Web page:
More holistic model needed if sustainability is to be hard-wired into mining – by Chantelle Kotze ( – June 20, 2014)

Mining operations, which are often located in sparsely populated and remote areas, can be a source of livelihood and wellbeing for many people. But sustaining the positive impacts and limiting the downside risks remains an ongoing problem for near-mine communities, policymakers and mining companies.

For emerging nations, such as those in Africa, mines attract foreign direct investment, domestic investment, foreign earnings and government revenues. They also provide a means of stimulating local economic activity, while creating employ- ment and contributing to infrastructure and services. But such operations also attract hazards, both social and economic, while the pit-to-port infrastructure often associated with extractive industries is not generally designed to support the nonmining economic activities required to sustain livelihoods beyond mine closure.

Sustainability itself is a concept that is not easily and narrowly defined. However, it can be summed up as the collaborative involvement of multiple stakeholders towards maximising a mining company’s contribution to the wellbeing and benefit of its host society, as well as the environment and the economy.

The International Council on Mining and Metals (ICMM), which is dedicated to improving sustainable-development performance of the mining, minerals and metals industries, believes the focus cannot be strictly on how mining can be sustained, as all individual mining operations have a finite life span. Instead, attention should be given to how mining, minerals and metals can contribute to sustainable development.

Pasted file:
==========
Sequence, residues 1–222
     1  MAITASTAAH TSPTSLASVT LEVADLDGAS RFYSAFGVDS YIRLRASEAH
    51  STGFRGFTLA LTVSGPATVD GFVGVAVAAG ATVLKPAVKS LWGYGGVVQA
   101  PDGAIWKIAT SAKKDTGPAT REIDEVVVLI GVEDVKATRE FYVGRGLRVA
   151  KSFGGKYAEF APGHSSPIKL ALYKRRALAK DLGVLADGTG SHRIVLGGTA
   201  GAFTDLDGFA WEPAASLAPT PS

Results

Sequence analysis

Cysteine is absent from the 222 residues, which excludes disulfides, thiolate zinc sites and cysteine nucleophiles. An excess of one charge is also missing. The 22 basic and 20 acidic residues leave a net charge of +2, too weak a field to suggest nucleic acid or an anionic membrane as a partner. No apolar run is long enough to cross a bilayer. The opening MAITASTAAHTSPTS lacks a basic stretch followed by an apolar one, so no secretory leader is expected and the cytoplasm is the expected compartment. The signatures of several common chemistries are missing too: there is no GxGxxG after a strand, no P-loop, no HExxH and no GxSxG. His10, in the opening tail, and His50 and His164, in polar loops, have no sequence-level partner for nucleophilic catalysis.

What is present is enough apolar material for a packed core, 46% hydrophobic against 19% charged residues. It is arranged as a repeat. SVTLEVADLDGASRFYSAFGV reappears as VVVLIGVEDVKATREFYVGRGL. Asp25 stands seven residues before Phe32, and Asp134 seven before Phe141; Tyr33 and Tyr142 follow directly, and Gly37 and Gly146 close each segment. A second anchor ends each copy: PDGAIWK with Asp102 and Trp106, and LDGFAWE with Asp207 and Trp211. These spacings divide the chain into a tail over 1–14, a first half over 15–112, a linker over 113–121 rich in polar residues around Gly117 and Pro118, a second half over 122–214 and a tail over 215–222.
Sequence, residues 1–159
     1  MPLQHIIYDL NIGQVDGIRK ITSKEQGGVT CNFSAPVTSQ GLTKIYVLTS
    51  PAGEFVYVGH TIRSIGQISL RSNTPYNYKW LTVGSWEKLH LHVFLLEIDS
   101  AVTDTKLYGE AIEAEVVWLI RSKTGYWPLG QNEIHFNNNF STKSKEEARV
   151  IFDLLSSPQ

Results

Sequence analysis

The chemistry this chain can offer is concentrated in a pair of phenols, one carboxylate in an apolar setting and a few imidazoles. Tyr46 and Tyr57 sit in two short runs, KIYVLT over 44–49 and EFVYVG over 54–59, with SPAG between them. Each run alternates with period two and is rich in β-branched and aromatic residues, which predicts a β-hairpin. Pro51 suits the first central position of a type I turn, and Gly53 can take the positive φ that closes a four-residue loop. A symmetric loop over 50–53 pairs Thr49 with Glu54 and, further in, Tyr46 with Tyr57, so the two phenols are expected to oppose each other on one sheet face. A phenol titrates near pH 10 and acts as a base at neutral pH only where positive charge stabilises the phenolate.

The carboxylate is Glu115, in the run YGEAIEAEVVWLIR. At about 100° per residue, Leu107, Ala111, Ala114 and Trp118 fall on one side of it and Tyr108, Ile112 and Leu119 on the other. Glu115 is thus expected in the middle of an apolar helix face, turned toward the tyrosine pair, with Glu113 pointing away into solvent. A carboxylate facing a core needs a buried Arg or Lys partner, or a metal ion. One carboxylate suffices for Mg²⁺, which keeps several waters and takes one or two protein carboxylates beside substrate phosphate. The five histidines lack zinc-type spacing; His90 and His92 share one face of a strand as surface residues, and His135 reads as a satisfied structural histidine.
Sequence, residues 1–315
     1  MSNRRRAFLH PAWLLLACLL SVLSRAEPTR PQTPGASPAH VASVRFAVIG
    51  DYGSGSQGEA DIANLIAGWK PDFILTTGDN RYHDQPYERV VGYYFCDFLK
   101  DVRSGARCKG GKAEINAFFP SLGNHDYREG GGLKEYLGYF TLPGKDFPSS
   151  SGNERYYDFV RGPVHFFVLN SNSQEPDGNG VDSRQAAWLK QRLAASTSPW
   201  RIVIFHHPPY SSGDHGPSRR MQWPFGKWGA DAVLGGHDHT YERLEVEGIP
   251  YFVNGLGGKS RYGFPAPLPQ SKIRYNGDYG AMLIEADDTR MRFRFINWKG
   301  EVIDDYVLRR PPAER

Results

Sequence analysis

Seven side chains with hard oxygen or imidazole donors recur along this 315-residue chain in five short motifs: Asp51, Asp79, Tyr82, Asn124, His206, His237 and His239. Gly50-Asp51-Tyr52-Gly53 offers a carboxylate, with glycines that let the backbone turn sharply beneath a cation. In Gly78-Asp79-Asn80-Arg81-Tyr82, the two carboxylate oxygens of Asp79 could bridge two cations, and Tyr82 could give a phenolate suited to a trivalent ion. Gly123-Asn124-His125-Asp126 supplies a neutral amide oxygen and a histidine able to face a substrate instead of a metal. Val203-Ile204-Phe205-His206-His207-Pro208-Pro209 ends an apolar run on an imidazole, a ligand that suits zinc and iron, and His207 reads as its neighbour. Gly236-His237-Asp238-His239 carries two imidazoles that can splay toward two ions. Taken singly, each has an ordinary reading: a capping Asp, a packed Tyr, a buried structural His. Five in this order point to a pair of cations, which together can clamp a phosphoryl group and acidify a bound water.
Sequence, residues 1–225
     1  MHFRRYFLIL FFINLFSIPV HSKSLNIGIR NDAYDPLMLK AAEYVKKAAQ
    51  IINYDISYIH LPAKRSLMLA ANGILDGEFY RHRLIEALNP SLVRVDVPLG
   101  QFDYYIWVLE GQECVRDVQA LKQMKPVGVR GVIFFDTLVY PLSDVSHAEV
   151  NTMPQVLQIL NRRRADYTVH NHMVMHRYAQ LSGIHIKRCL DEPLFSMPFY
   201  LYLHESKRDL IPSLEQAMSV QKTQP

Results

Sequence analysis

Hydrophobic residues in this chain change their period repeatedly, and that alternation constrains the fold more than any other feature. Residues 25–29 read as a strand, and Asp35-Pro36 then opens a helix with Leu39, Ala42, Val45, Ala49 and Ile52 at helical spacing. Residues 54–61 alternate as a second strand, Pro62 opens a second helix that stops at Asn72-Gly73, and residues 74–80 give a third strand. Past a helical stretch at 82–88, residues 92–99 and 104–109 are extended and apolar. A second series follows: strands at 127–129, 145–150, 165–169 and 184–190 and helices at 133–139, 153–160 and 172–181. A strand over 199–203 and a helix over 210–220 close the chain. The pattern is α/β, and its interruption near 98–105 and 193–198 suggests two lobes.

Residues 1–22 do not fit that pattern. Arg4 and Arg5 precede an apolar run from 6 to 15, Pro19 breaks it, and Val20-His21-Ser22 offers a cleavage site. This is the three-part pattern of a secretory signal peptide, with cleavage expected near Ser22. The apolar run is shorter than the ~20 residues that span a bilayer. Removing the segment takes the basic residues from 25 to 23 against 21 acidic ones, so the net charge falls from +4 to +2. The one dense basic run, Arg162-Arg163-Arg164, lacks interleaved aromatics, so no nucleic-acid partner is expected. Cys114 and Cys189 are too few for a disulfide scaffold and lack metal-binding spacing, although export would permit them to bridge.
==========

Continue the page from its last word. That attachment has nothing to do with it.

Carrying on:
This opinion is a conceptual shift away from a singular analysis, concerned with the mitigation of impacts to a more comprehensive analysis that looks at the wider contribution of the industry and its products.

ICMM president Dr Anthony Hodge tells Mining Weekly that the council’s focus on contribution is a “tougher but fairer approach”, as it demands from mining companies a demonstration of positive impacts and not just the mitigation of negative impacts.

“Such an approach is essential if mining- and metals-related activities are to achieve a net positive contribution to the wellbeing of communities and the ecosystem in the long term – something that is both demanded by society and sought by industry leaders,” he points out.

Society’s expectations of the industry’s performance are already high and continue to increase as communities place pressure on mining companies to improve their standards of social and environmental performance, and become more transparent. Further, communities – which historically have played a marginal role in decision-making – are now participating more in these processes. In some cases, this will inevitably lead to more stringent laws and regulations, says Hodge.

Simultaneously, the nature and fairness of the distribution of benefits from mining and metals operations is being challenged, he adds.

This means that the mining industry needs to focus on gaining the appreciation and trust of a far wider constituency than it currently has. The industry is moving towards becoming a development partner rather than an isolated extractor of resources. As a development partner, collaboration is essential, as the responsibilities required by sustainable practices cannot rest on the shoulders of a single party.

Therefore, for companies to be effective in addressing the complex issues underlying the social and environmental implications of modern mining and metals operations, industry, governments and host communities need to have a shared vision, and all need to play a part in implementing initiatives.

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